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You removed the power supply and plugged it into the outlet on its own. If the green light comes on, the supply is good (as you said below).
Sometimes, if the power cord is pulled out of the system quickly (or swtiched off from a opwer strip) after the system is shut down, the power supply can beep and the power LED can flash for a very short time afterwards. This happens because there was not enough time for the main voltages to decay before the power cord is pulled. It is not a failure, just an annoyance, and not the cause of your power up problem.
HP Z800 workstation is designed to do very much that, but there’s one difference – it’s a computer that’s encased in a system that can quite justifiably be described as ‘cool’, which isn’t the sort of term you’d normally find associated with workstations.
There are three front mounted USB ports, headphone and microphone sockets and a full 6-pin FireWire port, which makes a lot of sense for its target audience, which could well be editing digital video. Round the rear of the machine you’ll find six more USB ports and another FireWire socket along with two Ethernet ports.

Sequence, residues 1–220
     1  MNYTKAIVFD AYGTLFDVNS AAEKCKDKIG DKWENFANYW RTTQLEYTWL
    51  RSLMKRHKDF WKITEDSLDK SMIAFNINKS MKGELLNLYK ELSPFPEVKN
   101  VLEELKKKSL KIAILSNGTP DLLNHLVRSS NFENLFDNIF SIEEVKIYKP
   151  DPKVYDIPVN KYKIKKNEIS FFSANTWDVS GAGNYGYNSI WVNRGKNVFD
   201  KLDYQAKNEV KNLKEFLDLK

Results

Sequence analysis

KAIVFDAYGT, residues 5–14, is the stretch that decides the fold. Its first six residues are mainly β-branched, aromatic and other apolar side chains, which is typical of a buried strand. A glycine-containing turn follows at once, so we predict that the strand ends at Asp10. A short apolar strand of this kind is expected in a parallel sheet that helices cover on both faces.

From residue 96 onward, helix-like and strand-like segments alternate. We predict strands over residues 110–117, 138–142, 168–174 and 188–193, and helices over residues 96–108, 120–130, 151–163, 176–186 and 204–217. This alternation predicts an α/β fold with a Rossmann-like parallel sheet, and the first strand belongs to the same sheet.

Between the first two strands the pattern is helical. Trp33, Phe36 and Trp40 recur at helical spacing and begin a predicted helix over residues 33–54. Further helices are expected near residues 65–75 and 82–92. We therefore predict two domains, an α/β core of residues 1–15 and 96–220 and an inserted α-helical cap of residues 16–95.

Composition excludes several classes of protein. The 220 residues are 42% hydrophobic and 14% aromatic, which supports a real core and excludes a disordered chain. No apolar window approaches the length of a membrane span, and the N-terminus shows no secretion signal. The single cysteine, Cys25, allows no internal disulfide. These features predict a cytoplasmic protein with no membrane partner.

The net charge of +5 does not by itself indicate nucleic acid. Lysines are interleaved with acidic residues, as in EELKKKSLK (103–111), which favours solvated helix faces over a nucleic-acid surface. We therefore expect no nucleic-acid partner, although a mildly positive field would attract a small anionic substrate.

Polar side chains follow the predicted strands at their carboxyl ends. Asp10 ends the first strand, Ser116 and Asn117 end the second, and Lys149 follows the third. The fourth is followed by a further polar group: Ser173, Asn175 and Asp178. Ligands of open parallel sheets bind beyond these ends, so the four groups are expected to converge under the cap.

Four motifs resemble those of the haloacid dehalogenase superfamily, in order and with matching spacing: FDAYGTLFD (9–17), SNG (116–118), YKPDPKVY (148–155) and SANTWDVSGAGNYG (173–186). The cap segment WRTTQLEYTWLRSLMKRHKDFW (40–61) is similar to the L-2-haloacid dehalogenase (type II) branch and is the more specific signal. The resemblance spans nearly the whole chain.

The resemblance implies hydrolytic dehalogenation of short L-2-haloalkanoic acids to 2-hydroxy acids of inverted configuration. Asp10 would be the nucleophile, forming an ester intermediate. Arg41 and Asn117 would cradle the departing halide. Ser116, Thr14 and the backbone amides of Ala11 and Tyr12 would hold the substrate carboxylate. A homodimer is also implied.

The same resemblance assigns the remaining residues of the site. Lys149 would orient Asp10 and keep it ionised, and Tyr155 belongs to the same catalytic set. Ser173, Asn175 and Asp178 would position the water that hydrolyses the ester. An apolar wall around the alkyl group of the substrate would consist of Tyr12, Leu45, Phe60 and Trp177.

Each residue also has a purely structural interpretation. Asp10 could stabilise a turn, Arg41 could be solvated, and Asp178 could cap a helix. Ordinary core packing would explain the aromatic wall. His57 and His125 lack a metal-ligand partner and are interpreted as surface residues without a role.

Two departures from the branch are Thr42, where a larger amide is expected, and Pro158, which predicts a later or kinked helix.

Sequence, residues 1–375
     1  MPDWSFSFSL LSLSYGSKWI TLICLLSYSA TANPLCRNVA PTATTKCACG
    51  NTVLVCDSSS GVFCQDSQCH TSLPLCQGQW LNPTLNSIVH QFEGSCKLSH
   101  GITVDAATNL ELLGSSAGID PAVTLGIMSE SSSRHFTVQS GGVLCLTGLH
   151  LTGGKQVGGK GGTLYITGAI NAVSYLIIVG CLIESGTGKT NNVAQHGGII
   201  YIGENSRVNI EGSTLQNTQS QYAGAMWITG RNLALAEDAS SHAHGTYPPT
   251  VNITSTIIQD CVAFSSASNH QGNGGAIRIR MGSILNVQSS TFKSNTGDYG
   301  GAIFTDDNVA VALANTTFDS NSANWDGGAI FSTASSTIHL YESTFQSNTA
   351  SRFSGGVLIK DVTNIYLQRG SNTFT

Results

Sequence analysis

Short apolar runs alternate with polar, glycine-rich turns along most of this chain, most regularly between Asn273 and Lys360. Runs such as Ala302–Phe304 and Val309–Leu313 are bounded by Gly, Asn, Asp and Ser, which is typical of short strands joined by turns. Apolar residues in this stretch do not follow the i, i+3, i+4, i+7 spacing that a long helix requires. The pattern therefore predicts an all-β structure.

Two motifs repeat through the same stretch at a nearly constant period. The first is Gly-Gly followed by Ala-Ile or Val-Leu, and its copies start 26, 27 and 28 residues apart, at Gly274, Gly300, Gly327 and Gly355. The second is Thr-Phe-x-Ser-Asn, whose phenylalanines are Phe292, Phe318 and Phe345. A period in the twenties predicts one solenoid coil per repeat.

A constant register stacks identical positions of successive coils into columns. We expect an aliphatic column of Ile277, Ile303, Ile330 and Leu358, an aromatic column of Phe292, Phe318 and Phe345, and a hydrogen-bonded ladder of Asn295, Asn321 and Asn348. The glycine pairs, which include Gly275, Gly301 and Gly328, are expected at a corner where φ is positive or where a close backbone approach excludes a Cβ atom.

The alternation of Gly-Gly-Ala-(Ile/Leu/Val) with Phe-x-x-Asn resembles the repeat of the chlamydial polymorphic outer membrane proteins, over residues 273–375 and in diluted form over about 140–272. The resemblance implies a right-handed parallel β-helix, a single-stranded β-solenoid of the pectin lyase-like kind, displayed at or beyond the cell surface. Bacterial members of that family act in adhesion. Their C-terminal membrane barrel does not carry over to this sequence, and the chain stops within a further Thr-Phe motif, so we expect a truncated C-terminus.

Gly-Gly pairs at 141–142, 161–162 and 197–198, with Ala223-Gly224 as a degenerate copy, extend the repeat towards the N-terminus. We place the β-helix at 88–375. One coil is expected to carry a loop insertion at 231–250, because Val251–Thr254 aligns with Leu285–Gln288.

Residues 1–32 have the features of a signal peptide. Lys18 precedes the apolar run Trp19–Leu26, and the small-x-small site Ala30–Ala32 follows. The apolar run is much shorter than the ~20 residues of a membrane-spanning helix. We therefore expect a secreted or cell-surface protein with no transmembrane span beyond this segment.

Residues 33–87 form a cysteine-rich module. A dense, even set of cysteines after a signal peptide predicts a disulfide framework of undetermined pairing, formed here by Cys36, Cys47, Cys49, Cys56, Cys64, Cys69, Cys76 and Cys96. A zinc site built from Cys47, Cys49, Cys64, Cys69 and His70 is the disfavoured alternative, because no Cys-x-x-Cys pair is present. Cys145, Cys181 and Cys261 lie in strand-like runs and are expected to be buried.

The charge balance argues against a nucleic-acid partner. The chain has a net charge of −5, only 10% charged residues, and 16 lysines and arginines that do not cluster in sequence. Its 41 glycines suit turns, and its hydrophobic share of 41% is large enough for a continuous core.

The side of the workstation immediately impresses with a large brushed metal side panel that feels very solid and has the HP logo embossed into the sides. A level handle sits at the top and there’s a lock so you can keep the expensive internals safe from casual thieves. Lift the handle and the side comes easily away. Impressively, a full schematic guide is etched onto the interior, so you can easily see the layout if you need to locate items for upgrading or diagnosis, without having to worry about a sticker peeling off years down the line.
One of the chief selling points of the Z-series is its tool-less entry and on the inside you’ll find an impressive machine. Firstly, all the parts you might need access to that can be opened and removed are indicated by a green marker. This includes four 5.25in hard disks, the optical drives and the fans.